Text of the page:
Parent Company is public (ABG) on the Madrid (SIBE) exchange.

Past milestones

In December 2014, the Brazilian National Bank for Economic and Social Development (BNDES) approved $223.38 in financing for four sugarcane projects. The largest announced financing is for Abengoa Bioenergy SA Agribusiness, which will receive $116.8M to implement its second-generation ethanol plant. The new project will be integrated with the Usina São Luiz first-generation ethanol plant in Pirassununga, in São Paulo state. The project will result in the fourth 2G ethanol plant in Brazil (after the first two from GranBio, and a new plant just commissioned by Raizen). The plant will have a nominal capacity of 64 million liters per year (16.93 million gallons). With this new investment, the capacity 2G ethanol production in Brazil will reach almost 200 million liters per year, BNDES said.

In June 2014, Deinove announced a 36-month collaboration agreement with Abengoa, with the support of Bpifrance, to develop at industrial scale DEINOVE’s consolidated bioprocess (CBP) using Deinococcus bacterium, to digest and convert agricultural residues to ethanol at a competitive cost. Performances obtained with substrates supplied to Deinove by Abengoa will be evaluated in order to set up a process that can be implemented, subject to adequate performance, in full-size factories.

In September 2013, the company said that it is looking to launch its MSW-to-ethanol technology at commercial scale by processing the entire city waste produced in Seville. The facility will produce 28 million liters of biofuel per year from half a million metric tons of waste. Construction cost for the plant is expected at around

In July 2013, Abengoa inaugurated its demonstration waste-to-biofuels plant, with a capacity to treat 25,000 tons of municipal solid waste from which it will obtain up to 1.5 million liters (400,000 gallons per year) of ethanol.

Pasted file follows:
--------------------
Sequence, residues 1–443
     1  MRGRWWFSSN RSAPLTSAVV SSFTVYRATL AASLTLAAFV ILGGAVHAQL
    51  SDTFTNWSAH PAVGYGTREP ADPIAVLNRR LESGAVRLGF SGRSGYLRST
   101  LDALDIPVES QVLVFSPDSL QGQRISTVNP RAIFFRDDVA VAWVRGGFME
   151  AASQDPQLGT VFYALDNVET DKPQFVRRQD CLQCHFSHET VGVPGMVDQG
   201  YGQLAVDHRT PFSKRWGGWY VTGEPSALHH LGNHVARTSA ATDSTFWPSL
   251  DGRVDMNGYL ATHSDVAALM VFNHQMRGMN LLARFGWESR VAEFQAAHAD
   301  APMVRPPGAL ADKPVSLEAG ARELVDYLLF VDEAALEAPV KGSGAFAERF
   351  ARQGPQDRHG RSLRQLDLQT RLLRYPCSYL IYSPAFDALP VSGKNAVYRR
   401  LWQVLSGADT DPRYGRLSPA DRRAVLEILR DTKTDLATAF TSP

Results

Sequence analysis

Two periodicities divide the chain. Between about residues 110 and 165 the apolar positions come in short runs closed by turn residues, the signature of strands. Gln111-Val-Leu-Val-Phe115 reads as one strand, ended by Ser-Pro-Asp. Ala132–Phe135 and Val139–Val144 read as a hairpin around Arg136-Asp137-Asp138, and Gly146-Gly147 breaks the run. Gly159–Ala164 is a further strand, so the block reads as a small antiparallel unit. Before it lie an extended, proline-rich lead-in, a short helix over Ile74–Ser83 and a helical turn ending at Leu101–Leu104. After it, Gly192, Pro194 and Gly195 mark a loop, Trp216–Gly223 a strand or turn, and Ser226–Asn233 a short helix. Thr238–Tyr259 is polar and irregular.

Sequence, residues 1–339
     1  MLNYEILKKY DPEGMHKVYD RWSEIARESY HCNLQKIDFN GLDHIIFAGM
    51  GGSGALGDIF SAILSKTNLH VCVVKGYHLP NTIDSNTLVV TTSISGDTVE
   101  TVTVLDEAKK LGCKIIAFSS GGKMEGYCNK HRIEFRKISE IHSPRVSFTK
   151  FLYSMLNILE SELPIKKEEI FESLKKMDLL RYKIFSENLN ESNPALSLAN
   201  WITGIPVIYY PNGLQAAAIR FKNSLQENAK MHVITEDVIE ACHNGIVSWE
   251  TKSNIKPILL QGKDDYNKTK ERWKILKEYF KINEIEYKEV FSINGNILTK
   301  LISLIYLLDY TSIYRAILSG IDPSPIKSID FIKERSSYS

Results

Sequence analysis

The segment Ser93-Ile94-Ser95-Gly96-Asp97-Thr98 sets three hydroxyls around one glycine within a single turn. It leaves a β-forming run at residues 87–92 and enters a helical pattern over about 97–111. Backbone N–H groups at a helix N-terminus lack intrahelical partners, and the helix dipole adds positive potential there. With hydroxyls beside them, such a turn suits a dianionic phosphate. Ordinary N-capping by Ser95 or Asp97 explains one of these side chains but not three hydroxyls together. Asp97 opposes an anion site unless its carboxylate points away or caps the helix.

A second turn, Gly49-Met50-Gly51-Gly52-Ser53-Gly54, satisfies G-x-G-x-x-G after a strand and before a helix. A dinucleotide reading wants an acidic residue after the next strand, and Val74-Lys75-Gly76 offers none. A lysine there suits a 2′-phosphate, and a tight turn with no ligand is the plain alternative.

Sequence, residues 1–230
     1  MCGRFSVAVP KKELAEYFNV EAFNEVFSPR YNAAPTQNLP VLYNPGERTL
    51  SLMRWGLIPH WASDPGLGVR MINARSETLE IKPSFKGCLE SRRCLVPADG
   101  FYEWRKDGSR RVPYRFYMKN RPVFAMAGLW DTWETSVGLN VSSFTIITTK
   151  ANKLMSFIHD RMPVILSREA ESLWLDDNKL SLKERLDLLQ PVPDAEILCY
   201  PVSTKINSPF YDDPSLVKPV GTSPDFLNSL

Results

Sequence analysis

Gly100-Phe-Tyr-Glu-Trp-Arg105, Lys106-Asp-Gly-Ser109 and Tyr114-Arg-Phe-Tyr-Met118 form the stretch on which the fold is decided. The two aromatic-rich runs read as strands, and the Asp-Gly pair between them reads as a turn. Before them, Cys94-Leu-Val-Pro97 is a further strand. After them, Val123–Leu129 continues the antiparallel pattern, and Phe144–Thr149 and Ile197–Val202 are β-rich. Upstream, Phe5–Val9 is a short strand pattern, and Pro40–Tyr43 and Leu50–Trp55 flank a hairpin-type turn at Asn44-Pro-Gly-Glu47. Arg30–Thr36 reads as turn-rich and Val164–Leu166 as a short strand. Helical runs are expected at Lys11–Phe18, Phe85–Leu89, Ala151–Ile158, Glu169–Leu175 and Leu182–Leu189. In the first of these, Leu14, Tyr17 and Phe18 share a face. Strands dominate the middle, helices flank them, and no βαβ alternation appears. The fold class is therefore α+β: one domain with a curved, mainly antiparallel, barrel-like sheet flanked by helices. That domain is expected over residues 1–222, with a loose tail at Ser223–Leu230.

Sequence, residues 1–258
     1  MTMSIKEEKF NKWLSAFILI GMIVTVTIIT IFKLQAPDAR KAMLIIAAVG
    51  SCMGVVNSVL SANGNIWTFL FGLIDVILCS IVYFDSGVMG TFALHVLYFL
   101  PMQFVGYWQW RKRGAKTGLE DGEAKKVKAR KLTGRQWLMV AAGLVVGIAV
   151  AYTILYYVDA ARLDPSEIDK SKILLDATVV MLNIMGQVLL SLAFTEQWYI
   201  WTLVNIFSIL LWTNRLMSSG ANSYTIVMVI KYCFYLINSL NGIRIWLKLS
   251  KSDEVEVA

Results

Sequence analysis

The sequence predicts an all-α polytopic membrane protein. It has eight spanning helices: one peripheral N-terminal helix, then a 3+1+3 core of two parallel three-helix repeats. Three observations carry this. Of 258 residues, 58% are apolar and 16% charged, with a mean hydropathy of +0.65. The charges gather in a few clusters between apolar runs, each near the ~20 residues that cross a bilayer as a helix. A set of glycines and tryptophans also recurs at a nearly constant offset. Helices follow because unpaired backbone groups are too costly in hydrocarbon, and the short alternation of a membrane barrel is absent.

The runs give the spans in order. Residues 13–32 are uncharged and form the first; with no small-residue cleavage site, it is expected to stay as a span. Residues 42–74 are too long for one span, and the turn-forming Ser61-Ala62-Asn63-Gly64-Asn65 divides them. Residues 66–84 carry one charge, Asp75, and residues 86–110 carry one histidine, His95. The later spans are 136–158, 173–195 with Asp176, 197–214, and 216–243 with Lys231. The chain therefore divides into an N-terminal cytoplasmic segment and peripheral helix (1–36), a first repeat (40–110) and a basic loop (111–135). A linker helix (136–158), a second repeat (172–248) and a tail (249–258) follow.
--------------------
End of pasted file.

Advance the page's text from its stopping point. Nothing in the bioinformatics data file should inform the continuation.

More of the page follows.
The demonstration plant, located in Babilafuente (Salamanca, Spain) uses waste-to-biofuels technology developed by Abengoa to produce second-generation biofuels from MSW using a fermentation and enzymatic hydrolysis treatment. During the transformation process, the organic matter is treated in various ways to produce organic fiber that is rich in cellulose and hemicellulose, which is subsequently converted into ethanol.

Future milestones

First Brazilian project

Additional commercial-scale projects in the US and abroad

Business model

Owner / Operator

Competitive edge

Distribution (own marketing company), economies of scale provides low-cost, quality (only Fuel Ethanol company that is registered to ISO-9001), locations (three continents), R&D investments.

Distribution, research, marketing or production partnerships or alliances

Industrial Partners

• NatureWorks

• Novus International

• Monsanto

• Genencor

• Dyadic

Universities

• Auburn University

• Kansas State University

• University of Concepción

• University of Buenos Aires

• Lund University

• University of Sevilla

• University of Nebraska

Research Centers

• Asociación de Investigación y Cooperación Industrial de Andalucía –AICIA

• Centro de Investigaciones Energeticas, Medioambientales y Tecnologicas – CIEMAT

• National Renewable Energy Laboratory – NREL

• Pacific Northwest National Laboratory – PNL

• Argonne National Laboratory – ANL

• Instituto Catalysis y Petroquimicos – ICP

• Instituto Tecnologico de Aragon – ITA

• Centro de Investigacion y Desarrollo en Automocion – CIDAUT

• Washington University – St. Louis

• UOP

Company website